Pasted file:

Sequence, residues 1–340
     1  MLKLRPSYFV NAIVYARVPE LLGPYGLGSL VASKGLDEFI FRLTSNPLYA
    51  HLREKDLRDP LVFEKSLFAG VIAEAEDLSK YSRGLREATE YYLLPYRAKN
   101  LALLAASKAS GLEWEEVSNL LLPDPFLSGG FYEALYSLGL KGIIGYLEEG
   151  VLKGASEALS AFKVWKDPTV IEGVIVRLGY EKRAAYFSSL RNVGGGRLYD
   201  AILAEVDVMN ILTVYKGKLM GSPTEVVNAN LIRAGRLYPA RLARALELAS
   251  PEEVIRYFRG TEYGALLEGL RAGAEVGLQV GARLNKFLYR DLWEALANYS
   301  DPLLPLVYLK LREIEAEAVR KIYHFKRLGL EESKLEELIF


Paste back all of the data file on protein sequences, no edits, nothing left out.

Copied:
Sequence, residues 1–340
     1  MLKLRPSYFV NAIVYARVPE LLGPYGLGSL VASKGLDEFI FRLTSNPLYA
    51  HLREKDLRDP LVFEKSLFAG VIAEAEDLSK YSRGLREATE YYLLPYRAKN
   101  LALLAASKAS GLEWEEVSNL LLPDPFLSGG FYEALYSLGL KGIIGYLEEG
   151  VLKGASEALS AFKVWKDPTV IEGVIVRLGY EKRAAYFSSL RNVGGGRLYD
   201  AILAEVDVMN ILTVYKGKLM GSPTEVVNAN LIRAGRLYPA RLARALELAS
   251  PEEVIRYFRG TEYGALLEGL RAGAEVGLQV GARLNKFLYR DLWEALANYS
   301  DPLLPLVYLK LREIEAEAVR KIYHFKRLGL EESKLEELIF